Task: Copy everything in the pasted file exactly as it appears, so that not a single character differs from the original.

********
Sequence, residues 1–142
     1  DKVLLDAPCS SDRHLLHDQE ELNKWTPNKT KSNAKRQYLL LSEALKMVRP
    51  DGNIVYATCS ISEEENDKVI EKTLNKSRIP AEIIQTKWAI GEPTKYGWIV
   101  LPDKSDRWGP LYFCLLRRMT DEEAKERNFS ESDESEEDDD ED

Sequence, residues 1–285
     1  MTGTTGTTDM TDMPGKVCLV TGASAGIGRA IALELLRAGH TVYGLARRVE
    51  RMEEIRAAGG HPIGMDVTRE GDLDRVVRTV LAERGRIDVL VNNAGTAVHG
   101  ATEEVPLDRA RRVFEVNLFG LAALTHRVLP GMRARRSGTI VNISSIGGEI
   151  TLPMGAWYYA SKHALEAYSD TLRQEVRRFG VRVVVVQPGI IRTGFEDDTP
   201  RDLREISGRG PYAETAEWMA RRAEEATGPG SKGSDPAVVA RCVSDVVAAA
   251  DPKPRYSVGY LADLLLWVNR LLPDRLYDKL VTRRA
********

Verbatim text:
Sequence, residues 1–142
     1  DKVLLDAPCS SDRHLLHDQE ELNKWTPNKT KSNAKRQYLL LSEALKMVRP
    51  DGNIVYATCS ISEEENDKVI EKTLNKSRIP AEIIQTKWAI GEPTKYGWIV
   101  LPDKSDRWGP LYFCLLRRMT DEEAKERNFS ESDESEEDDD ED

Sequence, residues 1–285
     1  MTGTTGTTDM TDMPGKVCLV TGASAGIGRA IALELLRAGH TVYGLARRVE
    51  RMEEIRAAGG HPIGMDVTRE GDLDRVVRTV LAERGRIDVL VNNAGTAVHG
   101  ATEEVPLDRA RRVFEVNLFG LAALTHRVLP GMRARRSGTI VNISSIGGEI
   151  TLPMGAWYYA SKHALEAYSD TLRQEVRRFG VRVVVVQPGI IRTGFEDDTP
   201  RDLREISGRG PYAETAEWMA RRAEEATGPG SKGSDPAVVA RCVSDVVAAA
   251  DPKPRYSVGY LADLLLWVNR LLPDRLYDKL VTRRA